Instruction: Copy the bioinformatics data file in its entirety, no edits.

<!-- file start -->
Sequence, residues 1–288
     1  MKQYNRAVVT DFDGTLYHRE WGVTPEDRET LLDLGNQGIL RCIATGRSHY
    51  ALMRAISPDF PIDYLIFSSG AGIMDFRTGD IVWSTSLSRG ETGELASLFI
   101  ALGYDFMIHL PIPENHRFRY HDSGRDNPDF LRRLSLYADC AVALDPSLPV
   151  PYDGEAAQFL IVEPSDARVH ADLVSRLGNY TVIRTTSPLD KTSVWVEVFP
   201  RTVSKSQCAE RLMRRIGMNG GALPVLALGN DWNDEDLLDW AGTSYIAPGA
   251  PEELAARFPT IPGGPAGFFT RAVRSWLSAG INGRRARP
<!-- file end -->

Sequence, residues 1–288
     1  MKQYNRAVVT DFDGTLYHRE WGVTPEDRET LLDLGNQGIL RCIATGRSHY
    51  ALMRAISPDF PIDYLIFSSG AGIMDFRTGD IVWSTSLSRG ETGELASLFI
   101  ALGYDFMIHL PIPENHRFRY HDSGRDNPDF LRRLSLYADC AVALDPSLPV
   151  PYDGEAAQFL IVEPSDARVH ADLVSRLGNY TVIRTTSPLD KTSVWVEVFP
   201  RTVSKSQCAE RLMRRIGMNG GALPVLALGN DWNDEDLLDW AGTSYIAPGA
   251  PEELAARFPT IPGGPAGFFT RAVRSWLSAG INGRRARP